Wed. Feb 28th, 2024


Arquette plays Peggy, a former addict and dealer going through an identity crisis. She works at one of those miserable fake Old West tourist attractions, complete with phony shoot-outs in the saloon, and she struggles with a brother (Keir O’Donnell) and sister (Christine Taylor) who want to sell the home of their deceased mother (Bernadette Peters). Life-changing events like the death of a parent have a habit of unmooring people, and Peggy is definitely adrift, thanks in no small part to her ex-husband Denny (Matt Dillon) being behind bars. She has a close ally in a friend named Carol (Weruche Opia) but seems to lack direction overall. When she stumbles into the life of a private investigator named Bruce (Brad Garrett), Peggy realizes she has the street smarts to be a pretty great P.I. Sadly, “High Desert” doesn’t become “Poker Face” with a wise-cracking Arquette—I’d totally watch that show—but focuses mostly on one case involving a phony guru named Bob (Rupert Friend), a missing wife, and a stolen Picasso.

“High Desert” is at its best when it’s at its weirdest, pulling back the curtain on Palm Springs to reveal the odd personalities behind the opulent destination. Strange details like talking birds and an amputated nipple pepper the mystery plot in a way that recalls “Inherent Vice” or “The Big Lebowski,” but Roach isn’t quite Paul Thomas Anderson or the Coen brothers, and this kind of kookiness can be hard to maintain for an eight-episode season. I found some of the comedic whiplashes of “High Desert” to be a bit too much for the show to contain, like a car skidding off the road, even if it typically does find its way back to the pavement before the end of each chapter. And when the writers try to inject emotion into the grief that Peggy still feels for her mother, it’s almost like the writers don’t know what to do with what Arquette is bringing. It sometimes seems like a show with a performer working too hard to elevate the writing, even if watching her pull it off as often as she does here can be rewarding.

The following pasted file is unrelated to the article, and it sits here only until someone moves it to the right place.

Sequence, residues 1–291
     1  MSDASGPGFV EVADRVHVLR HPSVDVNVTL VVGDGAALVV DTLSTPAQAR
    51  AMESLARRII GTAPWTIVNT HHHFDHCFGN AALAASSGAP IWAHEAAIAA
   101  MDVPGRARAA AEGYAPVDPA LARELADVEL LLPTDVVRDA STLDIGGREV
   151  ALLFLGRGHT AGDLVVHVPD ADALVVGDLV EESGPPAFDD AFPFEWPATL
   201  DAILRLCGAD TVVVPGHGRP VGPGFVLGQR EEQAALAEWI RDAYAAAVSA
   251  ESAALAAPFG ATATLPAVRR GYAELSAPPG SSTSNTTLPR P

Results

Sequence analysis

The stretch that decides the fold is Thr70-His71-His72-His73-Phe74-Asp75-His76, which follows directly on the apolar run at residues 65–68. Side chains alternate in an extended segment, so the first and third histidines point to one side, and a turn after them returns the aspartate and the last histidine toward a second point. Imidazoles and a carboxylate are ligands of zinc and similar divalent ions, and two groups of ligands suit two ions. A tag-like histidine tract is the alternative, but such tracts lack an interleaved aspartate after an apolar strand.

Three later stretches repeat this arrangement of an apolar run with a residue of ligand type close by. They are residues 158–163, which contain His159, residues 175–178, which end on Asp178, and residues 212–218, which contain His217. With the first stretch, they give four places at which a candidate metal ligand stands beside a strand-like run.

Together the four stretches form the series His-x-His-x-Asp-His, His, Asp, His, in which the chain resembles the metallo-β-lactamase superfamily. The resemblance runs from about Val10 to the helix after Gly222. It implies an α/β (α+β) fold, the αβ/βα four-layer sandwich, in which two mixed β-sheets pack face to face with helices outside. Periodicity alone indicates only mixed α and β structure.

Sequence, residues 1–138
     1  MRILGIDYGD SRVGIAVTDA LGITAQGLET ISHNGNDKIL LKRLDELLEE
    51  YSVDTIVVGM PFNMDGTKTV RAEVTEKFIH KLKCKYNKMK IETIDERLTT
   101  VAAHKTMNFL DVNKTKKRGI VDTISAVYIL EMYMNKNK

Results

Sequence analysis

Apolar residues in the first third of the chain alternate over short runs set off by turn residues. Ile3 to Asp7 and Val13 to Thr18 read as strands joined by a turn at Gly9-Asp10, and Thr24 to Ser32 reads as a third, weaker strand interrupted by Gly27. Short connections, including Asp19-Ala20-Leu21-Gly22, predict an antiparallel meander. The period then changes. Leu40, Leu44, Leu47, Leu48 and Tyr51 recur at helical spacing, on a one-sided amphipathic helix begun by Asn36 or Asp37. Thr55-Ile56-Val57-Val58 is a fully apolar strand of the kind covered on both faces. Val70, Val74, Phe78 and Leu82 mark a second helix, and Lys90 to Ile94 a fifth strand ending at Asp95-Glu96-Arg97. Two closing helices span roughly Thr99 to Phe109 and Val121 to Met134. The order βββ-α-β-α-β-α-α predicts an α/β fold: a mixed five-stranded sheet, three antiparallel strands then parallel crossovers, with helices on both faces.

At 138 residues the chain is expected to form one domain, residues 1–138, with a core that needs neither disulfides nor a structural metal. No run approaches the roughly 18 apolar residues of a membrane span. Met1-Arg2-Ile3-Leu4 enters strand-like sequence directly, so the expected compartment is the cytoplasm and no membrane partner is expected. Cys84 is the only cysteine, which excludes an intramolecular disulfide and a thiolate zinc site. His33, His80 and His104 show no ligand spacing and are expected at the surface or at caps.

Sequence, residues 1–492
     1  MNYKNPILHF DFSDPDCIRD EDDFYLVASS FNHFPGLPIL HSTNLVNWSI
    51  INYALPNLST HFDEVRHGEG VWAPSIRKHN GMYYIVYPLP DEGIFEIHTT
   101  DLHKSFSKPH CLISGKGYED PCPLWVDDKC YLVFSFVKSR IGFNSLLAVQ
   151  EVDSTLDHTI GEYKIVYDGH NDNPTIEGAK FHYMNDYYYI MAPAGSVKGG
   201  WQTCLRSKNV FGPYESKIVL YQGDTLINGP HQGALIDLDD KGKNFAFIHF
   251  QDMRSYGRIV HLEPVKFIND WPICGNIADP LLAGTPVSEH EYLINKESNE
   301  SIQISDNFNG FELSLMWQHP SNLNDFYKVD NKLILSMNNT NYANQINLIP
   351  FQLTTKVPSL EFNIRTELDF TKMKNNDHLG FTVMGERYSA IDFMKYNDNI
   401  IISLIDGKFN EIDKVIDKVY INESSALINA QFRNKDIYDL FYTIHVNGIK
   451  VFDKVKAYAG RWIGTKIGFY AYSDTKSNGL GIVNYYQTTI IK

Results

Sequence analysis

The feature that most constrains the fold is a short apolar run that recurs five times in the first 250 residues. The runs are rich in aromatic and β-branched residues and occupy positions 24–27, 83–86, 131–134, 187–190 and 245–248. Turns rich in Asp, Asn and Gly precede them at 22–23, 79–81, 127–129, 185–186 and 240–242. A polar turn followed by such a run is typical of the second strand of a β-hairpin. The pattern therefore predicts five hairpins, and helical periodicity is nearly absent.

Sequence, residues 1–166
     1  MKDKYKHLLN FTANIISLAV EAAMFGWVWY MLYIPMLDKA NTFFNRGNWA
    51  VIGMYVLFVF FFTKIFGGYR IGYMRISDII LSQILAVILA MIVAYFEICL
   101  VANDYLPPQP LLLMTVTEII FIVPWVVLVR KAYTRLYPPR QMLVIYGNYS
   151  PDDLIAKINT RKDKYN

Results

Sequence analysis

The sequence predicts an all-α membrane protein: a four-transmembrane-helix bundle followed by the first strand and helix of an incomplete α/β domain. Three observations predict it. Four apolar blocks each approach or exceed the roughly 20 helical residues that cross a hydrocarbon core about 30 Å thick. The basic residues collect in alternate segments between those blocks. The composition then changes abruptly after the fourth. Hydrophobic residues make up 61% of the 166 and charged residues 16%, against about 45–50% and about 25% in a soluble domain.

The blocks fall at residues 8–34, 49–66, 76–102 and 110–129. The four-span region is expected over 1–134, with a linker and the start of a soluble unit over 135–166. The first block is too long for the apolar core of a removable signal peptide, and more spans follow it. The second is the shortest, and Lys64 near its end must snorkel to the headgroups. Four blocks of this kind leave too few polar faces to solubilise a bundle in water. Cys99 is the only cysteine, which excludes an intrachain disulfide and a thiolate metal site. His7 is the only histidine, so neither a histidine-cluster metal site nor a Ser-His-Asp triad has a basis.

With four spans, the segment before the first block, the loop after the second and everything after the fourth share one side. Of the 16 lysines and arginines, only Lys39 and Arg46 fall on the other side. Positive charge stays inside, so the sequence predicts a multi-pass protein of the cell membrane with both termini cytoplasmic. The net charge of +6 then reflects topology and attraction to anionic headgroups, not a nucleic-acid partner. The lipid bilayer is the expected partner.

It should be noted that Arquette isn’t alone. Dillon leans into a smarmy charm that’s reminiscent of his work in “There’s Something About Mary,” Friend finds some desperately funny notes as a former news anchor who experienced a trauma that sent him careening into another life altogether, and Peters is an always-welcome presence in just about anything. However, even they feel restrained by an overly straightforward approach. “High Desert” nods to weirdness more often than just being weird, if that makes sense, and there are versions of the Dillon and Friend characters in particular that work better by having their volume turned up a bit. (And Opia’s part is woefully underwritten.)

Of course, it all comes back to Patricia Arquette, an actress still underrated in her ability to blend genres in unpredictable, rich character work. She’s phenomenal here, spinning through the chaos of Peggy’s life with a style that’s completely her own, constantly making unique acting decisions. Even as they threaten to crash to the ground, she keeps the plates of this show spinning high in the air.

Whole season was screened for review.

 

By Dave Jenks

Dave Jenks is an American novelist and Veteran of the United States Marine Corps. Between those careers, he’s worked as a deckhand, commercial fisherman, divemaster, taxi driver, construction manager, and over the road truck driver, among many other things. He now lives on a sea island, in the South Carolina Lowcountry, with his wife and youngest daughter. They also have three grown children, five grand children, three dogs and a whole flock of parakeets. Stinnett grew up in Melbourne, Florida and has also lived in the Florida Keys, the Bahamas, and Cozumel, Mexico. His next dream is to one day visit and dive Cuba.